And the last week and a half I've been in Utopia: an olive farm three miles away from Orgiva, a pueblo of 6,000 people and at least five organic grocery stores. :) It's a well-touristed hippie town in the heart of the Alpujarra--a region of the Sierra Nevadas. I love the farmer there, Raquel. She's an amazinnnnng cook, has good taste (simple, bright, pleasant decorating), is learning the accordion, and is into medicinal plants. She makes her own face oils, soaps, and toothpaste. My kind of girl! Plus, she's a very patient Spanish teacher. I had my own little caravan there the first week (which I loved) then moved up to Raquel's stucco house when two lovely, kickass 20-year-old girls came to WWOOF with me (from CA/WA). One is studying directing/acting in San Fran and New Orleans and the other history/poli sic at Warren Wilson in Asheville, where Hannah and I used to frequent for their contra dance scene! It is a small world.

view from my little caravan at the farm

Speaking of, I ran into another South Carolinian in an ice cream line in Nerja about a month ago then ran into her again last weekend on a street in Granada, where she's studying abroad! So we had to hang out the next day--went on a hike then out for tapas. I love college kids. Their idealism inspires me--dreams of making bank working in Alaska for a summer or singing on a cruise ship, seeing South America on a shoestring, learning three more languages after mastering Spanish, falling head over heels for someone, making recordings on Garage Band, and someday working for Doctors Without Borders, after getting a free nursing degree from the University of Portland. Being in college is like living in a library: you're surrounded by so many people with good ideas, connections, and resources--these ideas are constantly circulating. I don't think we lose that "early twenties" idealism because the world screws us over--I think we lose it from years of good intentions that aren't followed through with. Maybe that feels like the world screwing us over. :) The world is still our oyster, friends. 

Thursday, May 12, 2011

Bastante Guisantes (so many peas! Yum!)











I kind of feel like I've been living the charmed life lately here on the Mediterranean. Southern Spain is really, really beautiful--I love the warm climate. I've been biking to closeby whitewashed pueblos and to Nerja a few times, picking avocados, strawberries, lemons (my new favorite smell--fresh lemons off the tree!), nisporos (never seen them in the US), and green beans, weeding/thinning out rows of carrots, wearing a genuine sombrero!, and speaking a lot of Spanish to the really nice family here (Laura, Jose Luis and their 4-year-old Abril and 8-month-old Dario). I have my own little "camper" down the hill from their stucco, tile-roofed house. I don't mind the camper at all--but running water, electricity, and wi-fi would make it better. :) I'm seriously thinking of getting myself a little camper first thing when I get home.

I've had lots of time on my hands to read ("Mountains Beyond Mountains" = AMAZING book--Thanks, Tricia and Doug!) and listen to some fun music and podcasts (thanks, Joel, for your splendid iTunes library!). Traveling alone is kind of... not for everyone. I've had a lot of time to think about the things and people who have made me who I am--I feel like I'm getting to know myself better, which is funny: you'd think I'd know myself really well after 26 years of living with myself. :) It would be nice to have a travel buddy. But this weekend I'm visiting Carla, a Bolivian friend I went to church with in Madrid and who now lives in Malaga. We're hopefully going to check out Ronda together, a whitewashed hill town Rick Steves (!!heart!!) is all over.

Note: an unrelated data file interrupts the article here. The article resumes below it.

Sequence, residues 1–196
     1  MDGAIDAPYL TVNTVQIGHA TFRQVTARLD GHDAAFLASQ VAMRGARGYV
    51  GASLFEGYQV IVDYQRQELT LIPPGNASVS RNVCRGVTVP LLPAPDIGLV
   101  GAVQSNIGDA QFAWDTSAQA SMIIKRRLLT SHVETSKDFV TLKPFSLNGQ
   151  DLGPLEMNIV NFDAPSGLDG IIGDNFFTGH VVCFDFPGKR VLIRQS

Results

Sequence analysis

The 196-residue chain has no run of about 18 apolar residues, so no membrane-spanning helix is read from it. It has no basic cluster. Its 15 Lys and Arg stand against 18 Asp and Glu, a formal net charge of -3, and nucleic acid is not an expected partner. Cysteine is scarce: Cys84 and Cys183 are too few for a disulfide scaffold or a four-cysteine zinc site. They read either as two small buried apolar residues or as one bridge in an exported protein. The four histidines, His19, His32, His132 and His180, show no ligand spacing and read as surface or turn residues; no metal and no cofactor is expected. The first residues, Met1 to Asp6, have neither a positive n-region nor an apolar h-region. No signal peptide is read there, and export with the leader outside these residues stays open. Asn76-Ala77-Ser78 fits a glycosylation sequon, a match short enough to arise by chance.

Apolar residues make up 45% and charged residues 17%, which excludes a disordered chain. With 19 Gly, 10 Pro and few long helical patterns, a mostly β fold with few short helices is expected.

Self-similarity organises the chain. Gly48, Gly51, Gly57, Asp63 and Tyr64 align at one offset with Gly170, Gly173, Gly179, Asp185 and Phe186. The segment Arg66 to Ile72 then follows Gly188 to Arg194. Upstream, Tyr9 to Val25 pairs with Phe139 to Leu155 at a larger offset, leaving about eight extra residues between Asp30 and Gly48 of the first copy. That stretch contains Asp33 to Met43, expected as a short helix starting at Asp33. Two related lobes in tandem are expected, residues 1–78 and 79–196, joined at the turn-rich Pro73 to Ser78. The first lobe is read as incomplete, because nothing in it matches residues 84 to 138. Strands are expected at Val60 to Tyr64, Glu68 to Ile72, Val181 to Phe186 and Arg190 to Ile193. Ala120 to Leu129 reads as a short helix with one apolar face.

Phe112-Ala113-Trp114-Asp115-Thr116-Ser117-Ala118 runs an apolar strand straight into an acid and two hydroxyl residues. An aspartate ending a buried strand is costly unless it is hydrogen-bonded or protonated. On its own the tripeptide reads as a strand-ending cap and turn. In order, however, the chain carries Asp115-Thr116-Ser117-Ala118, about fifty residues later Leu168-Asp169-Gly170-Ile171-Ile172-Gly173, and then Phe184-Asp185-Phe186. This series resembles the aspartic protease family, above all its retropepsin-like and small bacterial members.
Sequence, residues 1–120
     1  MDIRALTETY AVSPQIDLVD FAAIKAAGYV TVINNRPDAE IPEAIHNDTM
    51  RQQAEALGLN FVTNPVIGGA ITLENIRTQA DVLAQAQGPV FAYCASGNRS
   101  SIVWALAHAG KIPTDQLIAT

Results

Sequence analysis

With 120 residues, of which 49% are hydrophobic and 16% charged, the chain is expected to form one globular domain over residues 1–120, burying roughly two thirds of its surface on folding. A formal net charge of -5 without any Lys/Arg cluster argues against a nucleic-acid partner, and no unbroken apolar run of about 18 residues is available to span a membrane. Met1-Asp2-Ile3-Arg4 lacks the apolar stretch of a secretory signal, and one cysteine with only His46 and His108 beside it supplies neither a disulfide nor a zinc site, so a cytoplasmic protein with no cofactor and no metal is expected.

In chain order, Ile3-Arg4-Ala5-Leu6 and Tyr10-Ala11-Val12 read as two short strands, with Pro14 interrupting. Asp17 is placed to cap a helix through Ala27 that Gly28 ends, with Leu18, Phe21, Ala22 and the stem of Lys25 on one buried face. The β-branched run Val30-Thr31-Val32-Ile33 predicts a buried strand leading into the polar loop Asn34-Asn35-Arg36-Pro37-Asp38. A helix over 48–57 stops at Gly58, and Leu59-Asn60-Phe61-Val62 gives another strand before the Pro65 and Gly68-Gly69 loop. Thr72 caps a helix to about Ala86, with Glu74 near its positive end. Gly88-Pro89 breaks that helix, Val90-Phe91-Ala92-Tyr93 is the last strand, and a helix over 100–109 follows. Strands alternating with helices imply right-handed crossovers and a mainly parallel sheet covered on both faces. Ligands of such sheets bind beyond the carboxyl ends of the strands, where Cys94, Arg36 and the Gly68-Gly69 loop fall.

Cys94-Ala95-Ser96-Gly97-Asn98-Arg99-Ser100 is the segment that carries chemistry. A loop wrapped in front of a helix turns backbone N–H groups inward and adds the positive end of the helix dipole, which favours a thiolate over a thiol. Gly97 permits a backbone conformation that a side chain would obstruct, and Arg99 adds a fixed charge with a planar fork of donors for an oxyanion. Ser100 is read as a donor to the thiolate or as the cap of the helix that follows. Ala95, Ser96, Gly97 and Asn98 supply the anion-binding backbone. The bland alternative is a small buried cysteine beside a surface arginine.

Since reading "Mountains Beyond Mountains," I've fallen in love with Haiti a little. The book's about Dr. Paul Farmer, a SAINT who has a heart to give quality medical care to the poorest people in the world--he has treated thousands of people with TB and AIDS--seriously saved thousands of lives. He co-founded a nonprofit called Partners in Health that I'd love to work with someday, if I ever make it through 7-8 years of med school + residency. :) The book talks a lot about Haiti's deplorable agricultural problems (apparently the country's topsoil is washing away due to lack of trees holding it in place--seems like an easy enough problem to fix, no? bamboo? more trees?). From conversations with my wise, commonsensical, organic farming bff Hannah, I've been persuaded that (sustainable) agriculture is a good place to start if you want to see a healthy, prosperous, developing community. Sounds reasonable. Thinking about that lately.

Some of my favorite/most thought-provoking quotes from the book: "What I don't like about Marxist literature is what I don't like about academic pursuits--and isn't that what Marxism is, now? In general, the arrogance, the petty infighting, the dishonesty, the desire for self-promotion, the orthodoxy. I can't stand the orthodoxy, and I'll be that's one reason that science did not flourish in the former Soviet Union." -PF

"I was taken with the idea that in an ostensibly godless world that worshiped money and power or, more seductively, a sense of personal efficacy and advancement, like at Duke and Harvard, there was still a place to look for God, and that was in the suffering of the poor. You want to talk crucifixion? I'll show you crucifixion, you bastards." -PF

"'Medical Education does not exist to provide students with a way of making a living, but to ensure the health of the community.' 'The physicians are the natural attorneys of the poor, and the social problems should largely be solved by them.'" -Rudolf Virchow, one of Farmer's medical heroes

"As we entered the city proper (Paris), that great dove-colored epicurean city, he murmered something about how much could be done in Haiti if only he could get his hands on the money that the first world spent on pet grooming." -T. Kidder